Over the next few weeks, the Irish Farmers Journal livestock team will be profiling the winners in the inaugural FBD National Livestock Show sustainability awards.
The awards aim to recognise the huge amount of work that is already taking place on ordinary farms around the country in relation to climate change and increasing biodiversity on their farms.
The competition was run across five different sections, suckler to beef, suckler to weanling production, dairy calf to beef production, mid season lamb production and store to finish beef production.
Judges for the competition were Christy Watson on behalf of Teagasc, Michael Maloney on behalf of Bord Bia and myself from the Irish Farmers Journal.
Speaking to the Irish Farmers Journal, Michael Dolan from Tullamore Show said “ We are delighted with how the competition went in its first year. It would not have been possible without the support of our sponsors the Department of Agriculture and Food, Teagasc, ICBF, Bord Bia, Animal Health Ireland, Meat Industry Ireland and Dairy Industry Ireland.”
Teagasc director Frank O’Mara said “Teagasc is delighted to have been involved in the Sustainability Village and congratulates all the finalists and award winners of the various sustainable livestock categories.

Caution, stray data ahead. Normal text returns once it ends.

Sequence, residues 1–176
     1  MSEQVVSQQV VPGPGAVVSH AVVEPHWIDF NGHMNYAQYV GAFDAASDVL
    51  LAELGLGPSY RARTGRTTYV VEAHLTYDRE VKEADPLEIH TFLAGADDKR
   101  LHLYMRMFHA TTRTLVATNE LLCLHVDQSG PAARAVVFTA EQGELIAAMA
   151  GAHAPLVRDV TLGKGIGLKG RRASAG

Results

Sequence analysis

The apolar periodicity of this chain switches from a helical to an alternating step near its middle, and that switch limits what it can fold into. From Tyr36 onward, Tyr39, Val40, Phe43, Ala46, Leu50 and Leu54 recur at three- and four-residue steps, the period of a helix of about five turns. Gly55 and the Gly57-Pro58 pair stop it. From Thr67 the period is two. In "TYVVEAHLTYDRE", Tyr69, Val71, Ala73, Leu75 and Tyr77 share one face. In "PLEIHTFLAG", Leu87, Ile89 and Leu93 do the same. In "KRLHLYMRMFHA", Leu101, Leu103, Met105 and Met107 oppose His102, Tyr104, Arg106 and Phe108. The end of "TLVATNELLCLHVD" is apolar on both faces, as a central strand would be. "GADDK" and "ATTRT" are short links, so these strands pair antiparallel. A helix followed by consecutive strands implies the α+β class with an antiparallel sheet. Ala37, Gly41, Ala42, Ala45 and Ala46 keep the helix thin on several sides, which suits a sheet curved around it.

These farmers are excellent role models for working with nature and using modern science-based technologies to improve their economic and environmental sustainability. They are demonstrating practical ways of implementing best practice to reduce greenhouse gas emissions on their farms.”
Vincent Keane farms in a picturesque part of the country just outside Kinvara in Co Galway. Walking the farm with Vincent during the summer months, I got a really good feel for how, like all farmers, Vincent farms in conjunction with nature on his farm.
Vincent’s farm is very typical of a lot of farms in the area, a drystock operation being farmed on a mix of lowland ground and Burren winterage. Vincent has been a participant in the Burren Life Programme for the last 13 years.
The Burren Life Programme was a unique programme which worked with farmers in the Burren and surrounding areas to farm with nature. Improving field scores for plant biodiversity and managing scrub was a central part of the programme.
Participants in the programme were supported to do the right work based on their farm plan, and then got paid on the outcome. Vincent spoke very highly of the programme and said it transformed both the way he looked at nature and farming and also his farming practices.
“When you look back at the work that we completed, a lot of it was common sense and working with nature, but a lot of the farmers in this area had forgotten how to do that. It also brought in new farming techniques like tailoring our concentrates and fertiliser to the Burren system of farming. ” Vincent said.